The photographic component layer in which the gelatin has an isoelectric point of from 4.0 to 5.0 essentially includes the silver halide emulsion layer containing silver halide grains having a silver chloride content of not less than 90 mol %, but the gelatin may further preferably be contained in other silver halide emulsion layers and non-light-sensitive layers.

The film pH in the present invention, of the photographic layer of the light-sensitive silver halide photographic material, refers to the pH of a photographic layer obtained by coating a coating solution used for preparing a light-sensitive photographic material, and not necessarily the same as the pH of the coating solution. That film pH can be measured in the following manner:

(1) Pure water in an amount of 0.05 ml is dropped on the surface of a photographic layer.

(2) After being left for 3 minutes, the film pH is measured by use of a film pH measuring electrode (GS-165F; available from Toa Denpa Co.).

It is common in conventional light-sensitive silver halide photographic materials that the film pH measured in the above manner is in a range exceeding 6.0 and not exceeding 7.0. This is because a film pH of 6.0 or less may result in hindrance to hardening, or cause undesirable problems in which speed is lowered, and a pH value exceeding 7.0 tends to cause the problems wherein fog is generated.

The film pH can also be adjusted by using, as occasion demands, an acid as exemplified by sulfuric acid and citric acid or an alkali as exemplified by sodium hydroxide and potassium hydroxide

In the present invention, to harden the silver halide emulsion layer, it is preferable to use a hardening agent of a chlorotriazine type, represented by Formula (HDA) or (HDB) shown below. ##STR1##

In the formula, R1 and R2 each represent a chlorine atom, a hydroxyl group, an alkyl group, an alkoxy group, an --OM group (wherein M is a monovalent metal atom), an --NR3 R4 group (wherein R3 and R4 each represent a hydrogen atom, an alkyl group or an aryl group), or an --NHCOR5 group (wherein R5 represents a hydrogen atom, an alkyl group, an aryl group or an alkylthio group), excluding the case wherein R1 and R2 are both chlorine atoms at the same time. ##STR2##

In the formula, R6 and R7 each represent a chlorine atom, a hydroxyl group, an alkyl group, an alkoxy group or an --OM group (wherein M is a monovalent metal atom). Q and Q' each represent a linking group showing --O--, --S-- or --NH--; L represents an alkylene group or an arylene group; and p and q each represent 0 or 1.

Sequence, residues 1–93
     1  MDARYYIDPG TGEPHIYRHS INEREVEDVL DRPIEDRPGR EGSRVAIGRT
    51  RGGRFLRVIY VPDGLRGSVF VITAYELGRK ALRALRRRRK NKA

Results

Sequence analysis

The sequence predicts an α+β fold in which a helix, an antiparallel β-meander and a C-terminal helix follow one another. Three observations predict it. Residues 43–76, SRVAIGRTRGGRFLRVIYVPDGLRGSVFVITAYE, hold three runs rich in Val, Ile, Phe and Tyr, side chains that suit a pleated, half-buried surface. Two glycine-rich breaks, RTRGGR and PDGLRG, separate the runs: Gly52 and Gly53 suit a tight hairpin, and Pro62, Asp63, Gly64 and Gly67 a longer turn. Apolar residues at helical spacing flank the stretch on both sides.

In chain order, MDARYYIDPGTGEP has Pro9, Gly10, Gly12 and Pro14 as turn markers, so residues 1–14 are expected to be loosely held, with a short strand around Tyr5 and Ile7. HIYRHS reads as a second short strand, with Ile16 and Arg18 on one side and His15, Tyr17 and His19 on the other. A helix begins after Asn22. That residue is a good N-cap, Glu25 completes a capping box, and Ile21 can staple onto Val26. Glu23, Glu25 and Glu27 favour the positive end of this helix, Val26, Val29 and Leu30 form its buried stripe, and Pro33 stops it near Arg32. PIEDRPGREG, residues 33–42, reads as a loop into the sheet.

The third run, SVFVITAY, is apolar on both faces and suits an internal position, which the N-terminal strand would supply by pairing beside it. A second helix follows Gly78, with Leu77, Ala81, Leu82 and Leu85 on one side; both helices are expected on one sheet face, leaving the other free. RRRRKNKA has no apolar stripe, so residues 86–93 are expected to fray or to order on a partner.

Typical examples of the preferred hardening agents represented respectively by the above Formulas (HDA) and (HDB) are described below.

______________________________________ ##STR3##               Formula (HDA)Compound No.   R1     R2______________________________________HD-1           OH          ONaHD-2           Cl          ONaHD-3           OCH3   ONaHD-4           Cl          OC2 H5HD-5           Cl          OKHD-6           OH          OKHD-7           Cl          NH2HD-8           Cl          NHCOCH3HD-9           OH          NHC2 H5______________________________________

__________________________________________________________________________ ##STR4##                    Formula (HDB)CompoundNo.   R6      R7           Q    p Q'   q L__________________________________________________________________________HD-10 Cl   Cl   O    1 O    1                          ##STR5##HD-11 ONa  ONa  O    1 O    1 CH2 CH2HD-12 ONa  ONa  --   0 --   0 CH2 CH2HD-13 OCH3      OCH3           S    1 S    1 CH2 CH2HD-14 ONa  ONa  NH   1 NH   1 CH2 CH2HD-15 ONa  ONa  NH   1 O    1 CH2 CH2__________________________________________________________________________

To add the hardening agent to the photographic component layers, it may be dissolved in water or a water-miscible solvent as exemplified by methanol and ethanol, and then the solution may be added to coating solutions for the photographic component layers. The addition may be carried out according to any of the batch system and the in-line system. There are no particular limitations on the time of the addition, but it may be preferably added immediately before coating.

These hardening agents are added in an amount of from 0.5 to 100 mg, preferably from 2.0 to 50 mg, per 1 g of gelatin.

Also usable in combination so long as the effect of the present invention may not be impaired are other hardening agents as exemplified by compounds of an aldehyde type, an aziridine type, an isoxazole type, an epoxy type, a vinylsulfone type, an acryloyl type, a carbodiimide type, a maleimide type, an acetylene type, a methane sulfonate type and an N-methylol type.